Memorial Day is a set aside to remember those who have died while serving in war.
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But there are a lot more fallen soldiers to thank, said Lt. Col. Pat Carothers, today's keynote speaker at the 11 a.m. Memorial Day ceremony at Evergreen Park.
"The only thing I'm going to do is bring out that there are others, not to take anything away from those who are in the military, that went down," Carothers said. "We have other people in this community who were prepared to defend God, country, the community, the family and themselves, and I want to bring recognition to those people."
Carothers served in World War II, the Korean War and Vietnam. He received three Purple Hearts in Korea and two in Vietnam. He's the past commander of the Juneau American Legion Post, and a life member of the Veterans of Foreign Wars and the Disabled American Veterans.
The Veterans of Foreign Wars Taku Post 5559 is sponsoring today's ceremony at Evergreen. Two buglers from Juneau-Douglas High School will play "Taps" at the Evergreen ceremony. The Coast Guard District 17 Color Guard will present and retire the colors.
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National cemeteries for veterans expanding at fastest rate since Civil War, expected to double in capacity by 2009.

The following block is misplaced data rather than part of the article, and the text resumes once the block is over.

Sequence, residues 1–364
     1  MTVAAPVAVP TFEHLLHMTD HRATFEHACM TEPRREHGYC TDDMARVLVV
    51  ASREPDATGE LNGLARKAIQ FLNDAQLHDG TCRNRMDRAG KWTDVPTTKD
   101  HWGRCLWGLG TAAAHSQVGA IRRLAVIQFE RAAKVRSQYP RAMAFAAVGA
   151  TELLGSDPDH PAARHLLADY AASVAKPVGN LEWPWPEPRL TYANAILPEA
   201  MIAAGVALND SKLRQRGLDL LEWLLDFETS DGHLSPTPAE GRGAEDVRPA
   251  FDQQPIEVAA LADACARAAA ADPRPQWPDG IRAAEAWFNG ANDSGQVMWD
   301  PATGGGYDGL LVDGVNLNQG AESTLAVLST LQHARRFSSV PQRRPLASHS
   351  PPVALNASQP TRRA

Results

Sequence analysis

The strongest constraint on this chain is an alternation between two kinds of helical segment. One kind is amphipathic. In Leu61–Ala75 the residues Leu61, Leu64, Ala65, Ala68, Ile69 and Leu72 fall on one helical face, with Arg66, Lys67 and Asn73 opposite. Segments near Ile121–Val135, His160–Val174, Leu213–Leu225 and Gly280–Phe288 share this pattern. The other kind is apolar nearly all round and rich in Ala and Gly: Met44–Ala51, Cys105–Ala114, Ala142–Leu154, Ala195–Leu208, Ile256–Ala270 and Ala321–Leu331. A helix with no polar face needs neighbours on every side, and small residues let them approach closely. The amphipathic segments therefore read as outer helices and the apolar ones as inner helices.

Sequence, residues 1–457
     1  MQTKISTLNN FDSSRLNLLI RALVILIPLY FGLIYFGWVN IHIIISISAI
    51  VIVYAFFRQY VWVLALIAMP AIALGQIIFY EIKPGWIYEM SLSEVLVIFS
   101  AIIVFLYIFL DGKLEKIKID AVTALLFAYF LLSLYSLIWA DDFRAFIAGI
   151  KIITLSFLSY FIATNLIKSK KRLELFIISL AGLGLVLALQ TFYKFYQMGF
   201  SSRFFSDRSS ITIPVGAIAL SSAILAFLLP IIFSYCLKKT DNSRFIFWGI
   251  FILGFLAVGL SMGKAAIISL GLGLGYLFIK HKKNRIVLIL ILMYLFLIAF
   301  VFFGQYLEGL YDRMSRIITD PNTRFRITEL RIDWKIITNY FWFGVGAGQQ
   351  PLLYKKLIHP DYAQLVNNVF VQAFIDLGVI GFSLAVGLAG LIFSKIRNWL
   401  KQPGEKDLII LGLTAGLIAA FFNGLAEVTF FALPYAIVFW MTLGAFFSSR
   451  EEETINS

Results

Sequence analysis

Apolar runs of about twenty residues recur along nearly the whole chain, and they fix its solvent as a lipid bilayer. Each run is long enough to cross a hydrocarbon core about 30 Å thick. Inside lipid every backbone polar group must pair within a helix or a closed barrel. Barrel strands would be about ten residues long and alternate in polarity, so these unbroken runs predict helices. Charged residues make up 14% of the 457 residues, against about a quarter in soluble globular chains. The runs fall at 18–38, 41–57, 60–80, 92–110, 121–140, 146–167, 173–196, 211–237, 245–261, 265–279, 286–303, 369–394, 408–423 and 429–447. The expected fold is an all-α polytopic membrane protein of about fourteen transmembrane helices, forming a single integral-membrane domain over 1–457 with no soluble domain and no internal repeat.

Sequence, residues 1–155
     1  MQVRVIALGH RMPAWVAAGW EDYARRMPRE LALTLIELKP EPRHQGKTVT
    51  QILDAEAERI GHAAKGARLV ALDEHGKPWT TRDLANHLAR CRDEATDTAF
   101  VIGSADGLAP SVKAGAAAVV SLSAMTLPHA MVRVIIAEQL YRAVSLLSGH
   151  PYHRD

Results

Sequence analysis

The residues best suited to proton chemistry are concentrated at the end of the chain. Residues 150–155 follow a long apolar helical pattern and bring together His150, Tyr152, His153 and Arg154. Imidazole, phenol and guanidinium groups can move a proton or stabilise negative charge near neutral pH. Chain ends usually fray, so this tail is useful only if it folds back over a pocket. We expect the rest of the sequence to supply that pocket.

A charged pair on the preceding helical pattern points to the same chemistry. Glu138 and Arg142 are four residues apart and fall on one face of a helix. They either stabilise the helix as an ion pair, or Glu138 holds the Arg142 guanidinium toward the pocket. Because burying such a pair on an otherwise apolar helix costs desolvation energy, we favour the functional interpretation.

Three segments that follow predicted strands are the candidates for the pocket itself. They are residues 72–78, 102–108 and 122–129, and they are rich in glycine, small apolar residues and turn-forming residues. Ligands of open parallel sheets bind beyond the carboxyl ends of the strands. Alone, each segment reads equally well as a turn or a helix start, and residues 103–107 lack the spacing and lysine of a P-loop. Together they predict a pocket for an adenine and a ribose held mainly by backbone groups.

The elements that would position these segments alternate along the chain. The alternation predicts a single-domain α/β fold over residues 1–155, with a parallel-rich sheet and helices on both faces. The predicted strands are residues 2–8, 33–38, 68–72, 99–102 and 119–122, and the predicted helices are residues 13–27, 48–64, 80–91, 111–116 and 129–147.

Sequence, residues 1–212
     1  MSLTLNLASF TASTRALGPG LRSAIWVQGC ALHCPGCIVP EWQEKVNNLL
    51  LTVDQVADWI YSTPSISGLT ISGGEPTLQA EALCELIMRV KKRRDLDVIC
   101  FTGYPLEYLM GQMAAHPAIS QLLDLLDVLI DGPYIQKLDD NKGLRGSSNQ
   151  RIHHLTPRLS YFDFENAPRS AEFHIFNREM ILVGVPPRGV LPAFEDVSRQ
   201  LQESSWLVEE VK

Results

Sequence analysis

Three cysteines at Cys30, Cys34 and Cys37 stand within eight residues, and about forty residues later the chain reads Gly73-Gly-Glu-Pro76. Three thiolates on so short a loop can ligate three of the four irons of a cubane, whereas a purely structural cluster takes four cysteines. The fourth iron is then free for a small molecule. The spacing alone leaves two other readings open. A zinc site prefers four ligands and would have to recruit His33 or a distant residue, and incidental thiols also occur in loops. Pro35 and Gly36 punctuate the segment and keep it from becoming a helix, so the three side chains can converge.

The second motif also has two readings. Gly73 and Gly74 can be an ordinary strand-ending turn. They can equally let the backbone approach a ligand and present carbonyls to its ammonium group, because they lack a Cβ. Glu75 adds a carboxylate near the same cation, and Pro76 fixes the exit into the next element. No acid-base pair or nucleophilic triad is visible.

Memorial Day is one of the most popular days at Evergreen, where roughly 6,500 are buried, according to Juneau Parks and Recreation Maintenance Supervisor Terry Hinkley.
Staff members will be on hand 9 a.m.-1 p.m. Saturday in the maintenance shed near Cedar Street to help anyone who needs assistance locating a grave. Parks and Rec has a map of the plots.
Veterans from the Civil War, the Spanish-American War, World War I, World War II, Korean War and Vietnam War are buried near the flagpole.
"Some folks might not have visited their grave sites for a few years, and some may not remember what location they're in," Hinkley said. "We have folks that happen to be in town and want to visit a family member's plot. Sometimes it's a lost uncle or a grandfather or something like that."
American Legion Auke Bay Post 25 will host a ceremony at 11 a.m. Monday at Alaska Memorial Park on Riverside Drive in the Mendenhall Valley.
Approximately 250 veterans are buried at Alaska Memorial Park. The valley ceremony draws an average crowd of about 150.
Members of Post 25 and the Disabled American Veterans will lay wreaths by the flagpole in honor of fallen soldiers. A bugler will play "Taps."
Keynote speaker John E. Wilkins Jr., department director of services for the D.A.V. Department of Alaska, will read from an Ernest Hemingway poem written near the end of World War I.
"I'll tell you what, it's a hell of a life when you come back and you're wounded or you're going around in a wheelchair for the rest of your life," Wilkins said. "It's a whole different ballgame.
"We have a lot of kids coming back now that are injured and need a lot of special care," he said. "Hopefully, the VA will step forward and take care of those kids."
Korry Keeker can be reached at firstname.lastname@example.org.
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